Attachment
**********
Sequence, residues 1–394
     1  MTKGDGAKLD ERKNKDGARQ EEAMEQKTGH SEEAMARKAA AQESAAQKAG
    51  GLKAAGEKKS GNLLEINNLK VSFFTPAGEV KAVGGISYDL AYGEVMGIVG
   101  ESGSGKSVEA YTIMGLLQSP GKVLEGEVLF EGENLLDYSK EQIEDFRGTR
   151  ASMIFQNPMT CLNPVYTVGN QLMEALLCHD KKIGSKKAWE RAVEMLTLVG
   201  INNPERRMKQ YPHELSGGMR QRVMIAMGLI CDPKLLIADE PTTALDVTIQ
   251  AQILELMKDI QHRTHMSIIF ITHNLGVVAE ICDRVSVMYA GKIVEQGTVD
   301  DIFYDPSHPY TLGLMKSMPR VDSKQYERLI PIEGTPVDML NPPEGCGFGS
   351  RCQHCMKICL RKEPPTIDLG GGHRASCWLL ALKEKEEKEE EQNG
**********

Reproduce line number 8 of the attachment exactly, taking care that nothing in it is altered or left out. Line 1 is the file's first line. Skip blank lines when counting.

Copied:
   301  DIFYDPSHPY TLGLMKSMPR VDSKQYERLI PIEGTPVDML NPPEGCGFGS